Nicola Sturgeon announces £6m funding for Community Jobs Scotland
Over £6m is to be invested in creating 700 new job training opportunities for unemployed young people, Nicola Sturgeon announced today.
The money will be used to improve the job prospects of 16-29-year-olds who face the biggest barriers to employment, such as people with disabilities and those who have left the military.
The £6.1m investment will support up to 700 job training opportunities as part of the next phase of the Community Jobs Scotland (CJS) programme, which is delivered in partnership with the Scottish Council for Voluntary Organisations (SCVO).
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The CJS scheme offers unemployed vulnerable young people 12-18 month training posts.
Employers are supported by the Scottish Government to pay CJS employees the living wage.
The First Minister outlined the new funding during her speech at the annual SCVO Gathering event to celebrate the impact the voluntary sector has on Scotland’s communities.
Nicola Sturgeon said: “Our voluntary workers play a crucial role in making Scotland a prosperous and equal society.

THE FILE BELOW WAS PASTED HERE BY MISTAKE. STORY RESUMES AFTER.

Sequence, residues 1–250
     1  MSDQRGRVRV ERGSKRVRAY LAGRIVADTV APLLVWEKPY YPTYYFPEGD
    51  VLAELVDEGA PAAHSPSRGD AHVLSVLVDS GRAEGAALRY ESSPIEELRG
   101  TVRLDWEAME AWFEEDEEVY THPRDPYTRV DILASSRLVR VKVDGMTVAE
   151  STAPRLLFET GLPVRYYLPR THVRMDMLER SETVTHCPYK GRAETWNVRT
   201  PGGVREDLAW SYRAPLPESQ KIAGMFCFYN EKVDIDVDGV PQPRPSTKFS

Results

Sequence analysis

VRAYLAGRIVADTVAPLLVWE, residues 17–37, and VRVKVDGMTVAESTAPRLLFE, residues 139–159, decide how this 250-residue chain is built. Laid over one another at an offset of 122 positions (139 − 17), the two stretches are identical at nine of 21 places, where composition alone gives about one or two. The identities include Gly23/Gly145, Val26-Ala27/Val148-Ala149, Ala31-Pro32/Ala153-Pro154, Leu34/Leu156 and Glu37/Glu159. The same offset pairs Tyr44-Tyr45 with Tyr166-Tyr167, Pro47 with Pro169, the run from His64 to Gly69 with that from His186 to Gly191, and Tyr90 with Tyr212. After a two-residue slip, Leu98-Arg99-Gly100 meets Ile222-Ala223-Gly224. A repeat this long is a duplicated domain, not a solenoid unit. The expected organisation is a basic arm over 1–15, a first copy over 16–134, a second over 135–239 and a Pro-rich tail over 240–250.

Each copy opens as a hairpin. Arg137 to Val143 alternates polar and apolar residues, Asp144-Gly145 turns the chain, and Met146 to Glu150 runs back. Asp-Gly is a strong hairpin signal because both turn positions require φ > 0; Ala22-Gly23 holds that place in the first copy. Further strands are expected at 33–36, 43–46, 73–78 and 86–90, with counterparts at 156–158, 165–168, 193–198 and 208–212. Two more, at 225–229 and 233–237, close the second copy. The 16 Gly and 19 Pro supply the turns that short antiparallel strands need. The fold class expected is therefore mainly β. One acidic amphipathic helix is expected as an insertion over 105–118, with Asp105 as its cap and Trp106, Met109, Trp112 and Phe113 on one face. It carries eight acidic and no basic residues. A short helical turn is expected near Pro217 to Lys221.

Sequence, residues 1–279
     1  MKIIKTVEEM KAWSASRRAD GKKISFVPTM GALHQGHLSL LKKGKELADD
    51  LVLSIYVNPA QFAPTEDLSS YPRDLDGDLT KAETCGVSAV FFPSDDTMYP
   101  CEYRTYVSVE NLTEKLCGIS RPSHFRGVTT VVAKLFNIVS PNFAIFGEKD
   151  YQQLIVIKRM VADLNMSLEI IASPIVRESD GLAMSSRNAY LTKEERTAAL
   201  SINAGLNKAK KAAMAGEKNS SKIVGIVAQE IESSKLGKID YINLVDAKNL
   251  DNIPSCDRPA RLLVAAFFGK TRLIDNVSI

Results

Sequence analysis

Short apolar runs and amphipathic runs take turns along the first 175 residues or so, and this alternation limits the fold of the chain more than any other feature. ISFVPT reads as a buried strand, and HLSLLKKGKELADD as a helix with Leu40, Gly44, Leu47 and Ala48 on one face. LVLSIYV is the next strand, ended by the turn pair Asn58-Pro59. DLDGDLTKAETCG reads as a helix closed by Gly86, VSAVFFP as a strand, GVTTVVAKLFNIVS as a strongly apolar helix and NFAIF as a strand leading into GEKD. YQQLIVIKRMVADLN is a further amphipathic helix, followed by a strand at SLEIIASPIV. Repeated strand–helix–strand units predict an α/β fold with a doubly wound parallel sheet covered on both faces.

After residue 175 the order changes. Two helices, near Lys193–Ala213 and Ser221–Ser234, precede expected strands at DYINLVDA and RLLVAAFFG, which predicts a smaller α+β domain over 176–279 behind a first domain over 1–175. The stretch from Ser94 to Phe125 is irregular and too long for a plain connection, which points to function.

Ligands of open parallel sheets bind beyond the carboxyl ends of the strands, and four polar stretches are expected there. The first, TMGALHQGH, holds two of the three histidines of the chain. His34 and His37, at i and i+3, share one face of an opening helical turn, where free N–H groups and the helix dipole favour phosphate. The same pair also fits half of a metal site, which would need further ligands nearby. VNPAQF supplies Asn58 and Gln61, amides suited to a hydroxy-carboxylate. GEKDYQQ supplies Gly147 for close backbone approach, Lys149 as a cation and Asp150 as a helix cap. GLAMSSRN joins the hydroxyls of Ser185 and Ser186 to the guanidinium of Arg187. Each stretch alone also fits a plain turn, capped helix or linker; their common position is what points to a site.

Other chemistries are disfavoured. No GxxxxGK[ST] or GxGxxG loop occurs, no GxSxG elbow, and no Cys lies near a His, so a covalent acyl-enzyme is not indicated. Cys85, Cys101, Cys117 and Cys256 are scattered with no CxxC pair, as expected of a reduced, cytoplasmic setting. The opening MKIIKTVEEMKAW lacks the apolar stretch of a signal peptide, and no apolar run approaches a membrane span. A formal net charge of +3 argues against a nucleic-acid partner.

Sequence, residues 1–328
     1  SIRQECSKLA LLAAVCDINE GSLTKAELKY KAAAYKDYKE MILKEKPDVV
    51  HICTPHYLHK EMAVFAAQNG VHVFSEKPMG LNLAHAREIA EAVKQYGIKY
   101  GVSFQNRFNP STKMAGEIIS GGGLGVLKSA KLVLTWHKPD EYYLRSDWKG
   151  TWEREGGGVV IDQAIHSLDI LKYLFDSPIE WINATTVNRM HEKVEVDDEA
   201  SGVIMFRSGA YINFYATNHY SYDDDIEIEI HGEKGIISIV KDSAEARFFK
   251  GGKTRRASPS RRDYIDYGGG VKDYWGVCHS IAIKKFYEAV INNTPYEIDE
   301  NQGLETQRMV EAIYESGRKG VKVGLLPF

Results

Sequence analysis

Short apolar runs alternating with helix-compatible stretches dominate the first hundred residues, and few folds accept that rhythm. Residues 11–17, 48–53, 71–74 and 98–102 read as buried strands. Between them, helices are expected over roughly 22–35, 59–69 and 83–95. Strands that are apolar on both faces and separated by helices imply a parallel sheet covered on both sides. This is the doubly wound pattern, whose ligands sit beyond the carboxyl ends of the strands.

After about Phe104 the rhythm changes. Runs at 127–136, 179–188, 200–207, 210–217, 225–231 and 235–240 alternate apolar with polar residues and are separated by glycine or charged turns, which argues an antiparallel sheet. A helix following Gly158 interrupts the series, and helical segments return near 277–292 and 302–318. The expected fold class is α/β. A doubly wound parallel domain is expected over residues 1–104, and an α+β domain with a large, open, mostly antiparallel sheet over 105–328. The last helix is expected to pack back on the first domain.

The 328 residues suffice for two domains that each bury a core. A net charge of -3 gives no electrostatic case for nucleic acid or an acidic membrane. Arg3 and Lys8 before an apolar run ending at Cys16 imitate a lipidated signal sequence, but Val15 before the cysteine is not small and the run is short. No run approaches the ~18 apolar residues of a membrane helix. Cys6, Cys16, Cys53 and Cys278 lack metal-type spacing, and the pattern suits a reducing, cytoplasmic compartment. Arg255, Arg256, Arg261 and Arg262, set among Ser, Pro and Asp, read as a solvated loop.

“They are essential to our efforts to build a fairer and wealthier country and are vital in encouraging participation – ensuring people have a real say in the issues which directly affect them.
“Today’s funding of £6.1 million will provide 700 training opportunities for young people.
“It is so important that most of the places will be filled by people who currently find it harder to get jobs – carers, people leaving care, people with disabilities, and people leaving military service – and is a further example of the role the third sector can play in promoting opportunities and tackling inequality.”
The Scottish Government has invested more than £45m in CJS since it launched in 2011, creating more than 6,500 job training opportunities for young people across Scotland, with almost 70 per cent of young people involved in the programme going onto a job or further education.
Martin Sime, Chief Executive, SCVO said: “Community Jobs Scotland really has the edge on other employment programmes because it’s giving a leg up to young unemployed people who are furthest from the labour market to grow their confidence and skills in a real workplace.
“That is why most graduates from the programme get a permanent job.”
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